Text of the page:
Businesses in Tennessee are under a duty to use ordinary care to prevent business invitees from being injured on their property. Tennessee case law defines ordinary care as the care that ordinarily careful persons would use to avoid injury to themselves or others under the same or similar circumstances. There is no duty to guarantee the safety of those entering upon the property. The owner of a retail store or other premises is not responsible for an injury to a customer who is injured by a defect, unless it is shown that the owner had actual or constructive notice of the existence of the defect. See Henson v. F.W. Woolworth’s Co., 537 S.W.2d 923 (Tenn. App. 1974).
In Blair v. West Town Mall, the Tennessee Supreme Court first recognized that a plaintiff can prove a premises owner had constructive notice of the presence of a dangerous condition by showing a pattern of conduct, a recurring incident, or a general or continuing condition indicating the dangerous condition’s existence (Blair, 130 S.W.3d at 766-67). In that case, a plaintiff slipped and fell on slick oil spots as she exited the main entrance of a mall (Id. at 762). The defendant filed a Motion for Summary Judgment, arguing that the plaintiff’s deposition testimony showed that:
prior to the accident, [plaintiff] never had difficulty entering or leaving the mall and had never seen anything on the roadway, 2) she did not notice any slippery substances as she was walking at the time of the accident, 3) she did not know how long the substance had been there, where it came from, or if anyone at the mall knew it was there, and 4) she did not know if anyone at the mall had an opportunity to do anything about the substance prior to the accident.
Id. at 763. Plaintiff responded, arguing that Defendant had constructive notice of the dangerous condition because of Defendant’s “method of operation,” specifically that it allowed commercial and private vehicles to stop outside of the mall’s main entrance/exit to load and unload passengers and/or merchandise. Id. Plaintiff asserted that it was foreseeable that these vehicles w[ould] from time to time leak engine fluids that could cause a pedestrian to fall and sustain injury. Id. To support her response, plaintiff submitted an affidavit from an automobile service consultant who alleged that motor vehicles commonly leak engine fluids when slowing down or stopping and that such leaks can create slick surfaces. Id. In addition, plaintiff submitted two photographs of the area where she fell. Id.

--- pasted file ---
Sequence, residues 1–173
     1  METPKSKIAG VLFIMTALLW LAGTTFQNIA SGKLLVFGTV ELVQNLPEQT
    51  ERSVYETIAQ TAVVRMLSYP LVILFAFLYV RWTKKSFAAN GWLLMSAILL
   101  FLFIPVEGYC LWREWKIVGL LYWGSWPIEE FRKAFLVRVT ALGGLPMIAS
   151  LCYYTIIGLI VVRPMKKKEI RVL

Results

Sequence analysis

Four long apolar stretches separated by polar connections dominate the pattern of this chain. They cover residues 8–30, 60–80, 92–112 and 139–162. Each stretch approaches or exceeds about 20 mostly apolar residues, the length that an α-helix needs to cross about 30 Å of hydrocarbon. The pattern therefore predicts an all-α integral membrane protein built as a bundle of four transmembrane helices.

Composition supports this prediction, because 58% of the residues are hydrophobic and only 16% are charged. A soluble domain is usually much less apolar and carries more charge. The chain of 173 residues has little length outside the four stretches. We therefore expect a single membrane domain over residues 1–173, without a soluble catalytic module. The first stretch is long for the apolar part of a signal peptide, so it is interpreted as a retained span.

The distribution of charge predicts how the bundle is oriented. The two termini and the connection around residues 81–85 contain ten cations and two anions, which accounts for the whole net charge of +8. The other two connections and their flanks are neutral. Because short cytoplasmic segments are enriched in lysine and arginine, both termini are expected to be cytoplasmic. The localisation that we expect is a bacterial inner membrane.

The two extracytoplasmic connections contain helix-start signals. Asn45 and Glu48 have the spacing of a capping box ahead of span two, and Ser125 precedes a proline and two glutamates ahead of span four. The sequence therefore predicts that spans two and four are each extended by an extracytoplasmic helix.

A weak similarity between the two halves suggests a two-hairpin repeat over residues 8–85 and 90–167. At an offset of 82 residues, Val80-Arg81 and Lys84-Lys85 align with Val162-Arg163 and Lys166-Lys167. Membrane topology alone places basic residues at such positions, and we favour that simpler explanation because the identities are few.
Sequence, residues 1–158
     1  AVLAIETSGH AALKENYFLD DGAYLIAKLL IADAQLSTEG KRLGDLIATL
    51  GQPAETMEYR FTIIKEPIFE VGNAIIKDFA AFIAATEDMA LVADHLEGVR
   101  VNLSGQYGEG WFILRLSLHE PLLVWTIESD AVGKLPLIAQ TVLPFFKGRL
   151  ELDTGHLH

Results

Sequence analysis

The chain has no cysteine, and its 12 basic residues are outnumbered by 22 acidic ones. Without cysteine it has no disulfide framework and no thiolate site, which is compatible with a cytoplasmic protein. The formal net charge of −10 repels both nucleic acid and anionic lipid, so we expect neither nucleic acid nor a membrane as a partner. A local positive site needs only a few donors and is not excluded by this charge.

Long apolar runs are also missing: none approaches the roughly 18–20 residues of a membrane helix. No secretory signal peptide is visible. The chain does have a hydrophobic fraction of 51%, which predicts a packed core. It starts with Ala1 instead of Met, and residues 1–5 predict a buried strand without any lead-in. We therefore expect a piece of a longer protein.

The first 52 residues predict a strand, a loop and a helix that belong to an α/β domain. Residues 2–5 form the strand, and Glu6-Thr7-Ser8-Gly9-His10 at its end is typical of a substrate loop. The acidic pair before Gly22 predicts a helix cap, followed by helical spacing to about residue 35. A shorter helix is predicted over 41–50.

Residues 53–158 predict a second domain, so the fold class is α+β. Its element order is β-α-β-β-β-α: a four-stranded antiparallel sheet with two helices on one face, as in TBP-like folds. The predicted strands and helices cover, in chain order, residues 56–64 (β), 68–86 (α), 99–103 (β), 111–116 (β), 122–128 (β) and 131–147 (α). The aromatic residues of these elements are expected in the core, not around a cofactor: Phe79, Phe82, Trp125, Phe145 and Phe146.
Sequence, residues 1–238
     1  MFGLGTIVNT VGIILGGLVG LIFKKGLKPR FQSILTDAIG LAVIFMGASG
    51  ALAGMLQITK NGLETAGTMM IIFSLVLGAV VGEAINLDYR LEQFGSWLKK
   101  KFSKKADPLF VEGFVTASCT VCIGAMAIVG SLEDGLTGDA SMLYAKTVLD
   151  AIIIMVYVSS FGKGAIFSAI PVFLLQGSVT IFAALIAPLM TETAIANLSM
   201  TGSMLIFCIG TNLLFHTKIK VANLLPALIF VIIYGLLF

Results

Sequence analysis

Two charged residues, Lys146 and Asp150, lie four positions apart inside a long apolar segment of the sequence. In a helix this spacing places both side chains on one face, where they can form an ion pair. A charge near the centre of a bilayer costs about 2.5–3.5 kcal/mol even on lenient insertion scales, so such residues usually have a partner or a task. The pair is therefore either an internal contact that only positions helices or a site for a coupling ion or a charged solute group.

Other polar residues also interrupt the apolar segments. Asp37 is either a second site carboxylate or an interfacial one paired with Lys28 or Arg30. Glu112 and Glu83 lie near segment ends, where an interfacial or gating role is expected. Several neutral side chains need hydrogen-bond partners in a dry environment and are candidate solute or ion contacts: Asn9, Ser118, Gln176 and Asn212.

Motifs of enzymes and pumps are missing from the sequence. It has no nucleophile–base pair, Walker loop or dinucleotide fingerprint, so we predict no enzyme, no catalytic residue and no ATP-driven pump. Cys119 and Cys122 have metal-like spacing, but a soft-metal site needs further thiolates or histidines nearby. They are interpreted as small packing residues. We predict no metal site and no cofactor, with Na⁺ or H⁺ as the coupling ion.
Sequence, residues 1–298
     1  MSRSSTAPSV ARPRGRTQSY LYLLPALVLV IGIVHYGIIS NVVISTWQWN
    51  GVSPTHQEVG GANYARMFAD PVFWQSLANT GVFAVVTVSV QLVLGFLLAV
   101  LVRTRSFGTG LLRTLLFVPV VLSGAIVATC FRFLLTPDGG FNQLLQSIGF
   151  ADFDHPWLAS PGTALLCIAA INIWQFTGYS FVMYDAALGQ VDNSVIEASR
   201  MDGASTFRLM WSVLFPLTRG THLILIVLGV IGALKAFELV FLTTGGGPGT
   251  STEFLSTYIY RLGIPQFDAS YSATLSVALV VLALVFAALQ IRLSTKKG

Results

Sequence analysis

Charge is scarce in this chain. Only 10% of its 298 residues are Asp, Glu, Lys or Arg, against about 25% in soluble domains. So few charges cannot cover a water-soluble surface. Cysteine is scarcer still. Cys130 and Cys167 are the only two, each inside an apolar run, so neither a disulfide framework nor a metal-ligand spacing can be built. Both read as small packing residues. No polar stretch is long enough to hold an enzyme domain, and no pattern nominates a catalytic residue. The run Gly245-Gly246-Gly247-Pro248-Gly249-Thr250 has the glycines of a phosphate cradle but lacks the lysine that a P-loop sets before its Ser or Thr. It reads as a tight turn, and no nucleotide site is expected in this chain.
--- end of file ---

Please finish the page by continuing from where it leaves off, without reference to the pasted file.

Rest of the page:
While the Supreme Court denounced use of the term “method of operation” to describe this theory of notice, it adopted the underlying premise of the theory. Specifically, a plaintiff can show that a premises owner is put on constructive notice of a dangerous condition that is ‘a recurring incident, or a general or continuing condition,’ regardless of what caused the condition, and regardless of whatever method of operation the owner employs. (Id. at 767) Though the Supreme Court in Blair found for the plaintiff (Id. at 769), the Court did not elaborate on what facts would constitute a pattern of conduct or a recurring incident. Other Tennessee cases would indicate that proving this theory of constructive notice requires more than a random occurrence. See, for example, Beske v. Opryland, 923 S.W.2d 544 (Tenn. Ct. App. 1996), finding that train passengers regularly discarding drinks before boarding on the ground near turnstiles, as opposed to in a trash can, was a common occurrence; see also Barrett v. Red Food Stores, No. 01-A-019108-CV-00302, 1992 WL 33891, at *2 (Tenn. Ct. App. 1992), finding that water spilling on the floor every time an ice cream vendor stocked the freezer was a common occurrence.
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